So you filled out all the applications, secured financial aid, and took the plunge into a radiologic technologist training program, but you’ve still got a long way to go! Networking with other medical professionals, building a diverse skill set, and getting licensed in the state where you want to practice are all ahead of you. The following are some handy websites and other resources you can use to make those processes go as smoothly as possible.
- The American Society of Radiologic Technologists: This is a large membership organization for radiologic technologists and other imaging professionals. The website features resources for students, teachers, and professionals in the field, and has lots of videos and FAQs with information about the field for people at any stage of their careers (including people still in school).
- The Occupational Outlook Handbook: This government database has a huge amount of info about almost any imaginable career path, including that of radiologic technologist. Whether you’re looking for salary estimates, which states have the best pay or most jobs available, or similar careers to compare, you can get authoritative information from The Bureau of Labor Statistics and their Occupational Outlook Handbook website.
- The Journal of Radiology Case Reports: This website offers a peek into the world of radiographic research. You can read abstracts and other excerpts from academic papers and research about radiologic imaging and the various medical uses of radiography. The academic works contained in the Journal of Radiology Case Reports website are also indexed in Google Scholars and other onlinke academia portals.
- Job Boards: It is important to talk with your colleagues, friends, and family about job opportunities, and a lot of people get jobs by working their personal network, but the internet is still an amazing tool for job searching. Visiting online job boards, especially those that are geared toward the medical imaging profession, is a crucial step in any job search.
- Blogs and Online Communities: One great way to find out more about the profession and connect with others in it is to look at blogs being written by radiologic technologists. One blog you can visit to get the real deal on life as a radiologic technologist is Not Totally Rad, which offers a combination of personal anecdotes and critiques of the profession as a whole.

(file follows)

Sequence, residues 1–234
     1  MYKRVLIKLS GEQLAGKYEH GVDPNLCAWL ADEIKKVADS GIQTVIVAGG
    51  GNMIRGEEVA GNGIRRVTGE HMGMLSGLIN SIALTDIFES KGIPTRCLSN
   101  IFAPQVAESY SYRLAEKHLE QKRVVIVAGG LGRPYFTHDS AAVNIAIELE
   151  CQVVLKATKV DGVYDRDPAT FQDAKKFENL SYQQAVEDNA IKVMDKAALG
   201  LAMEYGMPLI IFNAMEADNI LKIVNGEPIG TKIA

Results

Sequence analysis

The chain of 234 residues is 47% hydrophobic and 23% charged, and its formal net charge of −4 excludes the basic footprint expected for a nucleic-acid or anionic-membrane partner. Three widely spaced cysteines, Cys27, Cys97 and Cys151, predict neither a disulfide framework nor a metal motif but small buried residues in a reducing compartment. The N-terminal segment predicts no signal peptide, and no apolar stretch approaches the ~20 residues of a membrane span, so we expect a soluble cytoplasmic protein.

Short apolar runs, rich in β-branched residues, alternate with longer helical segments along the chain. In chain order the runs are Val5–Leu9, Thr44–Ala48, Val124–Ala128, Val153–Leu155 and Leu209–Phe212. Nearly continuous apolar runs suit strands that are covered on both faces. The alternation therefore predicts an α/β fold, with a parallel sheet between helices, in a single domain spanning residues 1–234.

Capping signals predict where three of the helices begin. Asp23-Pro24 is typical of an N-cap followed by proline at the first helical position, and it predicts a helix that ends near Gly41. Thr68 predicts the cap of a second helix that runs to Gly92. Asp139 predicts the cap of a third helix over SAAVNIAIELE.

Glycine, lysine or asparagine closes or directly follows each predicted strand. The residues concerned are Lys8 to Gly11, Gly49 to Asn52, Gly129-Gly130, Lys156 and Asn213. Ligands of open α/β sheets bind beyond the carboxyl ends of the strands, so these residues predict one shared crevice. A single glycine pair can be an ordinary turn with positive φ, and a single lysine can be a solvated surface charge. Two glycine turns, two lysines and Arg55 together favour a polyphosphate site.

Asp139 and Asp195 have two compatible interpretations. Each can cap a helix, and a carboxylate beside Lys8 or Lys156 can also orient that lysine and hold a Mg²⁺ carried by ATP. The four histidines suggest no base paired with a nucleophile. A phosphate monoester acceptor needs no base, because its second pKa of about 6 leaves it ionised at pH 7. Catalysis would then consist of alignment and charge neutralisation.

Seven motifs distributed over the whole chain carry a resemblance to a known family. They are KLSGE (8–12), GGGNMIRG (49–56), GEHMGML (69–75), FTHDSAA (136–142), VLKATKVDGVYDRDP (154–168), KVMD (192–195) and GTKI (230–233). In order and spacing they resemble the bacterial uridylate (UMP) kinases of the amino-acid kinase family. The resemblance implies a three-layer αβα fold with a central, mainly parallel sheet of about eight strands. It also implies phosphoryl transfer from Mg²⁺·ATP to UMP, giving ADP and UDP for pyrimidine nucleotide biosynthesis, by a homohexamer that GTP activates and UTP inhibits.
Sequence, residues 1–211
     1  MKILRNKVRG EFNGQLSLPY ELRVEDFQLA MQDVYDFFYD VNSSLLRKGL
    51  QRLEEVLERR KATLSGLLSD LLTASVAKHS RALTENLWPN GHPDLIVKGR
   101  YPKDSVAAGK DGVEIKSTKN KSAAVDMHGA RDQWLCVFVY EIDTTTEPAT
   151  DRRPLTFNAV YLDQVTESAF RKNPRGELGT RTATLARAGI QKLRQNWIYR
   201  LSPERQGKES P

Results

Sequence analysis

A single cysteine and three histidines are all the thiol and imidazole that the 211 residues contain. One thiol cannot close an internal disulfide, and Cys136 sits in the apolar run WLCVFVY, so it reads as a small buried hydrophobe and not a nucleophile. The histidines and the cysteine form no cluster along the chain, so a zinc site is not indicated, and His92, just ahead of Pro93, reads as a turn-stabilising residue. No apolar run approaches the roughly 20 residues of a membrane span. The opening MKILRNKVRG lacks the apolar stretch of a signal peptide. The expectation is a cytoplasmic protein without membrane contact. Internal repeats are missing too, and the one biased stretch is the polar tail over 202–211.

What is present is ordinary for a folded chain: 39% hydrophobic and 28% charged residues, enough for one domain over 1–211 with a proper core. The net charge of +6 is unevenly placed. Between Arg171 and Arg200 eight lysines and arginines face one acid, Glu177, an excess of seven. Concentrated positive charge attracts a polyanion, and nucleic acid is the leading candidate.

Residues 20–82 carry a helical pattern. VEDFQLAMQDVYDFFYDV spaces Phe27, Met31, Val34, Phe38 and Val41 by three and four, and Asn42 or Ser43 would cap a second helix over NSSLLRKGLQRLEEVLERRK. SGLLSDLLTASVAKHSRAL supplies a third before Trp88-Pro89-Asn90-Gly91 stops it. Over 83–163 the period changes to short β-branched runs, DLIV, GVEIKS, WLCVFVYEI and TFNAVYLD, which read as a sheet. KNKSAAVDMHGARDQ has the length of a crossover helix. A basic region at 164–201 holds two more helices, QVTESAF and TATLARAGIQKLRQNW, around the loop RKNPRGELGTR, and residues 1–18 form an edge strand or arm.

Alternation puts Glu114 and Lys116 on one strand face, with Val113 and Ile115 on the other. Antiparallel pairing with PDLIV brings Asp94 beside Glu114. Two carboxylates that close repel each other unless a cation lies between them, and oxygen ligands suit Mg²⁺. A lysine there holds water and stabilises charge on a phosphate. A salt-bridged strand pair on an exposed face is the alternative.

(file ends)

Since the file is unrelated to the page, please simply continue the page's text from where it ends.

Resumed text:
- Associate of Educators in Imaging and Radiologic Sciences (AEIRS): This organization is dedicated to aggregating resources online for use by radiologic professionals. Their website offers links to other handy resources for radiographers, as well as contact info for networking with other members, and various event registrations and other opportunities to meet up with radiographers in person. Becoming a member of this organization can also provide new professional connections and increase your personal network so it is easier to find a job when the time comes.
- The Radiology Portal: This blog offers insight into the daily life of radiology workers and administrators, as well as dozens of links to other interesting info for radiographers. In addition to the blog, the writer of The Radiology Portal has a Twitter feed where he posts links to new materials as he finds them. The blog features videos, photos, and links about related fields such as mammography, ultrasound, and other types of medical imaging, beyond radiography as well.
- Radiology Picture of the Day: This blog is exactly what it sounds like. Regularly updated radiographic images with names and brief descriptions of the injury or deformity represented. The subject matter of the images ranges widely, from gastro-intestinal tracts to head, neck, and spinal injuries, all captured by x-ray or another sonographic or radiographic imaging technique. These photos could be used for educational purposes, but are also just fun to look at!
Knowing how to learn for yourself and pursue opportunities on your free time can give a boost to any career. The above resources can hook you up with other professionals in your field and help you learn and grow whether you’re just starting radiology tech school or you’ve been working for ten years.
Getting in touch with the creators of the above resources could be a great way to stay excited about your radiography education when the workload feels like too much, and starting your own blog or other online outlet for your thoughts and experiences in radiologic tech training can be a good way to keep yourself curious and help out others in the same position as you.